This situation changed with the destruction of the Temple. Divisions within the people, after all, had made the orderly prosecution of the war against the Romans and the defense of the Holy City impossible. The Temple had fallen as a result. Only in unity could the people and the land be rebuilt. It was only a question of which of the sects would unify the populace.
Holding all of this diversity together in a Jewish land occupied by the Roman empire was difficult enough, and more so for Jewish communities in the diaspora, but the Temple was the common denominator (even if you lived so far away that you could only afford to make the pilgrimage rarely) that defined all Jewish people everywhere. The Temple was always the center, the resting place of the Divine Presence, the only place on earth where once a year atonement was made for all of Israel.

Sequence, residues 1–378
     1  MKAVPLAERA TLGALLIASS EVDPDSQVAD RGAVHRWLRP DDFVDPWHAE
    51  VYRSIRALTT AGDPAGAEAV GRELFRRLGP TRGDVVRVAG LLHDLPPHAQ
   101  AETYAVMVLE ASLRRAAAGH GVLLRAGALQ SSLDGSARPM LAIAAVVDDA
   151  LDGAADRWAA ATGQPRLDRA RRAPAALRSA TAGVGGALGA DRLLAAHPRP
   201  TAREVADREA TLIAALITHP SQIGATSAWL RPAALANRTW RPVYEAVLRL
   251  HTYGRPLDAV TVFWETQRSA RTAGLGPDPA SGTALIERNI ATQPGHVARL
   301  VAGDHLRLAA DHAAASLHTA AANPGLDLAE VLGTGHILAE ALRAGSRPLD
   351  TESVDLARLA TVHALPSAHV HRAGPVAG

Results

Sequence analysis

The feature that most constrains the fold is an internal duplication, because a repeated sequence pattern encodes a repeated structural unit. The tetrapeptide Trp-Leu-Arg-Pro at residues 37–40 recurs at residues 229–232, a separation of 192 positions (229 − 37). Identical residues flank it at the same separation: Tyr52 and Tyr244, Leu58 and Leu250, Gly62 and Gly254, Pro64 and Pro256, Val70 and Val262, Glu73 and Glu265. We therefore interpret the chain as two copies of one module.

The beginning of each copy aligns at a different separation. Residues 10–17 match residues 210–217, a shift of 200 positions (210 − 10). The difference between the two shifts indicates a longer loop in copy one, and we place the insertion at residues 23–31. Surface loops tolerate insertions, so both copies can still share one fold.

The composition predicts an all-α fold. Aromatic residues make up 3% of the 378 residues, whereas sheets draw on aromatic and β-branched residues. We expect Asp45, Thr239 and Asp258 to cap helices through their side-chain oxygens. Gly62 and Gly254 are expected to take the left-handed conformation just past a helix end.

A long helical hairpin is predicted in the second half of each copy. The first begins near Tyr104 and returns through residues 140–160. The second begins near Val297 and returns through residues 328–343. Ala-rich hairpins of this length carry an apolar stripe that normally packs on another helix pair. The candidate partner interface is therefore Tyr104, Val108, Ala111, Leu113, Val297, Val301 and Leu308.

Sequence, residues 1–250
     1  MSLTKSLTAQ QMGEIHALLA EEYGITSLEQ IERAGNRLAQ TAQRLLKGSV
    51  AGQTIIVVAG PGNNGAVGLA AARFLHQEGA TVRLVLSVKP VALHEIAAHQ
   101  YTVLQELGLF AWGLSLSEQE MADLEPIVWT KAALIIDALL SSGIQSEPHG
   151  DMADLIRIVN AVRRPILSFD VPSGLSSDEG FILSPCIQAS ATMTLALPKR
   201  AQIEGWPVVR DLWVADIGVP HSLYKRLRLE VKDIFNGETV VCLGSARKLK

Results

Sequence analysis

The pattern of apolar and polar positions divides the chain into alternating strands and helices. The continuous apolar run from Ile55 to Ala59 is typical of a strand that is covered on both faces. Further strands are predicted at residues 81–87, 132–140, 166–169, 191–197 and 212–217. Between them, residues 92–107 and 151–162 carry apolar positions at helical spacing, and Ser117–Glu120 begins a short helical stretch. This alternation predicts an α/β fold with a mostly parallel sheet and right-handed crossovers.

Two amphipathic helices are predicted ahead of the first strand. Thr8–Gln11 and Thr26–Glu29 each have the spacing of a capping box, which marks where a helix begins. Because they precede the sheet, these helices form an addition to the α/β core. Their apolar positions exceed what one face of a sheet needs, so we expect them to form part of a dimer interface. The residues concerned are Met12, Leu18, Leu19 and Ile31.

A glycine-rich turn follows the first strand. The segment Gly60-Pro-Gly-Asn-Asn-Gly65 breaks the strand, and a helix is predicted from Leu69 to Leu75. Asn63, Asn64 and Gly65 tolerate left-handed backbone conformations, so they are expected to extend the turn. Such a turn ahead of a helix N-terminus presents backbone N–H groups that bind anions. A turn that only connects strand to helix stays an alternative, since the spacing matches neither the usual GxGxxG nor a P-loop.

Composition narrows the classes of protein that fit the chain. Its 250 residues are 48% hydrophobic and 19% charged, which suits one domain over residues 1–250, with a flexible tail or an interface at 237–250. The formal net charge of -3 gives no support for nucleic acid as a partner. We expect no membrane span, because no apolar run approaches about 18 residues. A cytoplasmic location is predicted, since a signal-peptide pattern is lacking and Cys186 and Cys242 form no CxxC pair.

And then it was gone.
As Schiffman points out, with their power base destroyed, the Sadducees where scattered to the winds. It could be argued that the Way, the ancient movement of Messiah worshipers, was a Pharisaic extension. We have indications that the apostle Paul not only did not abandon Jewish practice but remained Pharisaic throughout his life. Many of Yeshua’s teachings most closely fit the theology of the Pharisees. Even my Pastor said that if we lived in ancient Israel (and we were Jewish), we’d be Pharisees, because they were the “fundamentalists” of their day, the populist movement among the common Jewish people, Am Yisrael.
But the split would inevitably occur, perhaps not so much because one splinter group among the Pharisees, the Way, believed they had identified a Divine Messiah, but because a mass movement of Gentiles was entering that particular Jewish sect and, by definition, re-writing the nature of the movement as the majority Gentile membership achieved ascendency and as the Jewish membership were forced into exile, grieving a Temple and a Jerusalem left in ruins.